Cholesky Decomposition with R Example

method of decomposing a positive-definite matrix. A positive-definite matrix is defined as a symmetric matrix where for all possible vectors \(x\), \(x'Ax > 0\). Cholesky decomposition and other decomposition methods are important as it is not often feasible to perform matrix computations explicitly.

Cholesky decomposition, also known as Cholesky factorization, is a method of decomposing a positive-definite matrix. A positive-definite matrix is defined as a symmetric matrix where for all possible vectors \(x\), \(x'Ax > 0\). Cholesky decomposition and other decomposition methods are important as it is not often feasible to perform matrix computations explicitly. Some applications of Cholesky decomposition include solving systems of linear equations, Monte Carlo simulation, and Kalman filters.

Cholesky decomposition factors a positive-definite matrix \(A\) into:

$$ A = LL^T$$

Where \(L\) is a lower triangular matrix. \(L\) is known as the Cholesky factor of \(A\) and can be interpreted as the square root of a positive-definite matrix.

How to Decompose a Matrix with Cholesky Decomposition

There are many methods for computing a matrix decomposition with the Cholesky approach. This post takes a similar approach to this implementation.

We define the decomposed matrix as \(L\). Thus \(L_{k-1}\) represents the \(k-1 \times k-1\) upper left corner of \(L\). \(a_k\) and \(l_k\) denote the first \(k - 1\) entries in column \(k\) of \(A\) and \(L\), respectively. \(a_{kk}\) and \(l_{kk}\) are defined as the entries of \(A\) and \(L\).

The steps in factoring the matrix are as follows:

  1. Compute \(L_1 = \sqrt{a_{11}}\)
  2. For \(k = 2, \dots, n\):

  3. Find \(L_{k-1} l_k = a_k\) for \(l_k\)

  4. \(l_{kk} = \sqrt{a_{kk} - l_k^T l_k}\)
  5. \(L_k =
    \begin{bmatrix} L_{k-1} & 0 \\ l_k^T & l_{kk}\end{bmatrix}
    \)

An Example of Cholesky Decomposition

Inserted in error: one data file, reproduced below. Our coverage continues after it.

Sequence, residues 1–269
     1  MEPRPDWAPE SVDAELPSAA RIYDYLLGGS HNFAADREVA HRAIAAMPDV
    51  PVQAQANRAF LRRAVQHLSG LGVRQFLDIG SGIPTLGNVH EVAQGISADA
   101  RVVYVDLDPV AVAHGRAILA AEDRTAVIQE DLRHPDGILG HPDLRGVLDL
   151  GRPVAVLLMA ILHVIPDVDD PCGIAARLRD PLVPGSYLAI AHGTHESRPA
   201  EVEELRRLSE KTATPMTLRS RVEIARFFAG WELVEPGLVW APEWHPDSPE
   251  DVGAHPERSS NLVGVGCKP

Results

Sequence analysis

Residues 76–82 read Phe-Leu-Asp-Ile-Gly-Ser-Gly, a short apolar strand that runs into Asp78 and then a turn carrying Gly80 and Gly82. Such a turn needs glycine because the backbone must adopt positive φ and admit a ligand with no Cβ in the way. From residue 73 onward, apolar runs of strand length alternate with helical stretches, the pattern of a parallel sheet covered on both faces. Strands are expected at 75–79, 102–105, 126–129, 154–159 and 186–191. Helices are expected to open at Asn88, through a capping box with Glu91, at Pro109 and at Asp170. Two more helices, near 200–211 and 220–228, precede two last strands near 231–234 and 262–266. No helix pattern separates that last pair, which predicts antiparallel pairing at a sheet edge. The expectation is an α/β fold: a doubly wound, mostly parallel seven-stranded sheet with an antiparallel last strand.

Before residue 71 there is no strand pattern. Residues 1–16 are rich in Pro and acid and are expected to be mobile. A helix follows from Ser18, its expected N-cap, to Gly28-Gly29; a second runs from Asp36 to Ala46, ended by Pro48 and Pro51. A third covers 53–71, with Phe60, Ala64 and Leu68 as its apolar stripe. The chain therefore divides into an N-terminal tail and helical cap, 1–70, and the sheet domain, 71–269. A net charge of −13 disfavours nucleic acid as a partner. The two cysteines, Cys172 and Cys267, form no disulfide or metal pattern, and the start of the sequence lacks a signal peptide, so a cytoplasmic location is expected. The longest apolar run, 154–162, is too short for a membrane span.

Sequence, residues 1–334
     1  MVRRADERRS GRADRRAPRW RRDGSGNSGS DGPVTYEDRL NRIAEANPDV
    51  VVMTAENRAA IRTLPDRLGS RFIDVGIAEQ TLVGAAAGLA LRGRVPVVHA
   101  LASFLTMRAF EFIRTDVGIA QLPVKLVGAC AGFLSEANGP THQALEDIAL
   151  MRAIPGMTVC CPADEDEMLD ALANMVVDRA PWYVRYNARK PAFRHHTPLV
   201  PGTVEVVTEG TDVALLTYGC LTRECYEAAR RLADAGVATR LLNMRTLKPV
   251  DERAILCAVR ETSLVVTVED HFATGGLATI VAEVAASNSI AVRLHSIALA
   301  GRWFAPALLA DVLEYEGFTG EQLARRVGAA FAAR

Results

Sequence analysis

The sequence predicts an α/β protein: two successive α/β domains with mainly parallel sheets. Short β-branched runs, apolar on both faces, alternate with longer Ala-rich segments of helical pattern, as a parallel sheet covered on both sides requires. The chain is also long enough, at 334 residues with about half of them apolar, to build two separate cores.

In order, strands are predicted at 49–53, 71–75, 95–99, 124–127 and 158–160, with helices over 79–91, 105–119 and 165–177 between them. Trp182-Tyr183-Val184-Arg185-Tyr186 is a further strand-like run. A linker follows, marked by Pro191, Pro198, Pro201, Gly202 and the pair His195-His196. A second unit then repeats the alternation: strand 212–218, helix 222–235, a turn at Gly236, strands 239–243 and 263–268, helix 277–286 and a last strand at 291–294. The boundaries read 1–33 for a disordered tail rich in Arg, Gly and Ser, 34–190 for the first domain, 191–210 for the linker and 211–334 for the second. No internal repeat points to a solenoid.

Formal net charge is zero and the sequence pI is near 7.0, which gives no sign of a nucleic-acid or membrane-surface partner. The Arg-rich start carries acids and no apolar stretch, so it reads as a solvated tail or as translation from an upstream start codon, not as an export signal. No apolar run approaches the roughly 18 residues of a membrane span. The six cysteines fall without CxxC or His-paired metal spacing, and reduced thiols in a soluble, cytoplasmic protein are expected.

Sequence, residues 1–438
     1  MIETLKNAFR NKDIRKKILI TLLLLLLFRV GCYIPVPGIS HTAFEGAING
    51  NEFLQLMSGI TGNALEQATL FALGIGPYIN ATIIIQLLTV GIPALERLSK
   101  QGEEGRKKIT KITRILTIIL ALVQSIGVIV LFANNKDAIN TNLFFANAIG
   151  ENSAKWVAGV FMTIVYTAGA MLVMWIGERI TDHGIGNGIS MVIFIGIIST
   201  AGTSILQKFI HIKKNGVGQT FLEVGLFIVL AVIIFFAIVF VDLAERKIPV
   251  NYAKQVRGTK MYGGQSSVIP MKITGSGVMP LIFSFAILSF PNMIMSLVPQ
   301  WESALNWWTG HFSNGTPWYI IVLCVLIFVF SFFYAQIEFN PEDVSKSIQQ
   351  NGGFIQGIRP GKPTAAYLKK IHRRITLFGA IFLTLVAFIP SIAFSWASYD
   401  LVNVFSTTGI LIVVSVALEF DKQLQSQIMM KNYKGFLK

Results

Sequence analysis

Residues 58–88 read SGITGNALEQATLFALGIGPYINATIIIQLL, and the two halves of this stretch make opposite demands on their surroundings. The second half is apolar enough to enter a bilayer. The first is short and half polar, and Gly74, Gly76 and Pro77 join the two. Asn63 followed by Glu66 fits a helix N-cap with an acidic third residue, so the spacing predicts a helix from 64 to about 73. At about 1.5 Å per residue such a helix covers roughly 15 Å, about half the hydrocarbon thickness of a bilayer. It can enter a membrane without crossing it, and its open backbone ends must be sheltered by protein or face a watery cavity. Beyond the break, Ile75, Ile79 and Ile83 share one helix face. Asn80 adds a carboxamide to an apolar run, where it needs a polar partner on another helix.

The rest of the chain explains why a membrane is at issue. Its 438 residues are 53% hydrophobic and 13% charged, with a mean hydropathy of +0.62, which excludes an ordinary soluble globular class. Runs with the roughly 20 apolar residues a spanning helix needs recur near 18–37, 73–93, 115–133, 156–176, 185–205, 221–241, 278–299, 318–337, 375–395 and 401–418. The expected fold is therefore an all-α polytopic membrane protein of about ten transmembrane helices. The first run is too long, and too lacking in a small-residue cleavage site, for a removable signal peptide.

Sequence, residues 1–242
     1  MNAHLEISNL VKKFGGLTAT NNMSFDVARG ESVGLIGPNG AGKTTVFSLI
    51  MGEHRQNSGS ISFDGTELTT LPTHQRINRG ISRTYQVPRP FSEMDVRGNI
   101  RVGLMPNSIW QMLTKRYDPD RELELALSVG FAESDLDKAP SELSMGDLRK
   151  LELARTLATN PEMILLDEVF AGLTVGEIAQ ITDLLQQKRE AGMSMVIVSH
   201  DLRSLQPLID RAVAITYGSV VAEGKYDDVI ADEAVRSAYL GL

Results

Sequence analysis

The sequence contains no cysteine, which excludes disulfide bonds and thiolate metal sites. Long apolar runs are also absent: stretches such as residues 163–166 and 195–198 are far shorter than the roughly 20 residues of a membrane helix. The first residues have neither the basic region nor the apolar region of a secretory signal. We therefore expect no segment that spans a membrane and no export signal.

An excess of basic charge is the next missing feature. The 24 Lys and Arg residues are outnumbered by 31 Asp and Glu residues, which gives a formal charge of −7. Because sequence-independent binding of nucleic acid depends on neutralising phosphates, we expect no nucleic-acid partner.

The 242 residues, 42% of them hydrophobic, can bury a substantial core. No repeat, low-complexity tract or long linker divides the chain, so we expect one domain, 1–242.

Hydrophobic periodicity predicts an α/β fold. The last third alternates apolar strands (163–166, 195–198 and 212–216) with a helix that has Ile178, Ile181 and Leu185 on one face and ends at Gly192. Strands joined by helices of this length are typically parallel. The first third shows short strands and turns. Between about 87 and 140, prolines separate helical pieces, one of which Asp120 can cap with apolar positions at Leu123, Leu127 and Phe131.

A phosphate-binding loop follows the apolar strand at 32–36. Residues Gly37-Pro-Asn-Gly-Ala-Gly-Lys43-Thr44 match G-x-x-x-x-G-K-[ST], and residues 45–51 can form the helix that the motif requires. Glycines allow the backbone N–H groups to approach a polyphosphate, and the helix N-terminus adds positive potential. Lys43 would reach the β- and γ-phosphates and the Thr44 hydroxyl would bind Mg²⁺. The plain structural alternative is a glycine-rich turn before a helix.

Consider the following matrix \(A\).

$$A = \begin{bmatrix} 3 & 4 & 3 \\ 4 & 8 & 6 \\ 3 & 6 & 9 \end{bmatrix}$$

The matrix \(A\) above is taken from Exercise 2.16 in the book Methods of Multivariate Analysis by Alvin Rencher.

Begin by finding \(L_1\).

$$ L_1 = \sqrt{a_{11}} = \sqrt{3} = 1.732051 $$

Next we find \(l_2\)

$$ l_2 = \frac{a_{21}}{L_1} = \frac{4}{\sqrt{3}} = 2.309401 $$

Then \(l_{22}\) can be computed.

$$ l_{22} = \sqrt{a_{22} - l_2^T l_2} = \sqrt{8 - 2.309401^2} = 1.632993 $$

We now have the \(L_2\) matrix:

$$L_2 = \begin{bmatrix} L_1 & 0 \\ l_2^T & l_{22} \end{bmatrix} = \begin{bmatrix} 1.732051 & 0 \\ 2.309401 & 1.632993 \end{bmatrix}$$

Since the matrix is \(3 \times 3\), we only require one more iteration.

With \(L_2\) computed, \(l_3\) can be found:

$$ l_3 = \frac{a_3}{L_2} = a_3 L_2^{-1} = \begin{bmatrix} 1.732051 & 0 \\ 2.309401 & 1.632993 \end{bmatrix}^{-1} \begin{bmatrix} 3 \\ 6 \end{bmatrix}$$
$$l_3 = \begin{bmatrix} 1.7320508 \\ 1.224745 \end{bmatrix}$$

\(l_{33}\) is then found:

$$ l_{33} = \sqrt{a_{33} - l_3^T l_3} = \sqrt{9 - \begin{bmatrix}1.7320508 & 1.224745\end{bmatrix} \begin{bmatrix}1.7320508 \\ 1.224745\end{bmatrix}} = 2.12132 $$

Which gives us the \(L_3\) matrix:

$$L_3 = \begin{bmatrix} 1.7320508 & 0 & 0 \\ 2.309401 & 1.632993 & 0 \\ 1.7320508 & 1.224745 & 2.12132 \end{bmatrix}$$

The \(L_3\) matrix can then be taken as the solution. Transposing the decomposition changes the matrix into an upper triangular matrix.

Cholesky Decomposition in R

The function chol() performs Cholesky decomposition on a positive-definite matrix. We define the matrix \(A\) as follows.

A = as.matrix(data.frame(c(3,4,3),c(4,8,6),c(3,6,9)))
colnames(A) <- NULL
A
##      [,1] [,2] [,3]
## [1,]    3    4    3
## [2,]    4    8    6
## [3,]    3    6    9

Then factor the matrix with the chol() function.

A.chol <- chol(A)
A.chol
##          [,1]     [,2]     [,3]
## [1,] 1.732051 2.309401 1.732051
## [2,] 0.000000 1.632993 1.224745
## [3,] 0.000000 0.000000 2.121320

The chol() function returns an upper triangular matrix. Transposing the decomposed matrix yields a lower triangular matrix as in our result above.

t(A.chol)
##          [,1]     [,2]    [,3]
## [1,] 1.732051 0.000000 0.00000
## [2,] 2.309401 1.632993 0.00000
## [3,] 1.732051 1.224745 2.12132

Our result above matches the output of the chol() function.

We can also show the identity \(A = LL^T\) with the result.

t(A.chol) %*% A.chol
##      [,1] [,2] [,3]
## [1,]    3    4    3
## [2,]    4    8    6
## [3,]    3    6    9

Summary

Cholesky decomposition is frequently utilized when direct computation of a matrix is not optimal. The method is employed in a variety of applications such as multivariate analysis due to its relatively efficient nature and stability.

References

(2011). Retrieved from http://www.seas.ucla.edu/~vandenbe/103/lectures/chol.pdf

Algorithm for Cholesky decomposition. Retrieved from http://www.math.sjsu.edu/~foster/m143m/cholesky.pdf

Cholesky decomposition (2016). In Wikipedia. Retrieved from https://en.wikipedia.org/wiki/Cholesky_decomposition

Rencher, A. (2002). Methods of Multivariate Analysis (Second Edition ed.)